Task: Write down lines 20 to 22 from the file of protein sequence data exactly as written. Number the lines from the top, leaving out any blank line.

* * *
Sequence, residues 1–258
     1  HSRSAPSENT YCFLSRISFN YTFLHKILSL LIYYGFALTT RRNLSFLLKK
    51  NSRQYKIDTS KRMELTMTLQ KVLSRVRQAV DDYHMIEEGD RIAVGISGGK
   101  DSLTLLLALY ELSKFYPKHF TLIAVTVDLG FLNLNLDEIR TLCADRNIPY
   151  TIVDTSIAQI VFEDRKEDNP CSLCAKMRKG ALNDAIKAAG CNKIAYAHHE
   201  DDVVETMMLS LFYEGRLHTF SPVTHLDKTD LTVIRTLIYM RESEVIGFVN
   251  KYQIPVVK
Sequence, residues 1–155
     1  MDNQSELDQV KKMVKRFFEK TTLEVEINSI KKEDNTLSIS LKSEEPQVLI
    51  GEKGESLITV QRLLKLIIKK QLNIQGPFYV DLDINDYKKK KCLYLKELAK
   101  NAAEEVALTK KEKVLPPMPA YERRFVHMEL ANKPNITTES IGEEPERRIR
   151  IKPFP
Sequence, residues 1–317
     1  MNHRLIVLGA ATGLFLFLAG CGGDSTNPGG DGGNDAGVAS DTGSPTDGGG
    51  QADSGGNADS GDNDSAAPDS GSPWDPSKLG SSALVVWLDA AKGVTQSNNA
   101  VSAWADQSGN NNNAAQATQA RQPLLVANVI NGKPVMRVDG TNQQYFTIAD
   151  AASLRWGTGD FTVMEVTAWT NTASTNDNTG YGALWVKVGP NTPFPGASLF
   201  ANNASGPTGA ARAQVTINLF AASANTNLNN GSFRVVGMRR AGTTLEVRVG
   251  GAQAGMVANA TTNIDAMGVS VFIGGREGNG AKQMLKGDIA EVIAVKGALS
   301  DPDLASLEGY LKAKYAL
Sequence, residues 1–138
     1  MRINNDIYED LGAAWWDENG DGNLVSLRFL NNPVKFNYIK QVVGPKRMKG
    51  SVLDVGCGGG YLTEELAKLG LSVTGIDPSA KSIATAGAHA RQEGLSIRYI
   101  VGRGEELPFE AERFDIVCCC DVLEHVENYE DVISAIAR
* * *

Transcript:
   301  DPDLASLEGY LKAKYAL
Sequence, residues 1–138
     1  MRINNDIYED LGAAWWDENG DGNLVSLRFL NNPVKFNYIK QVVGPKRMKG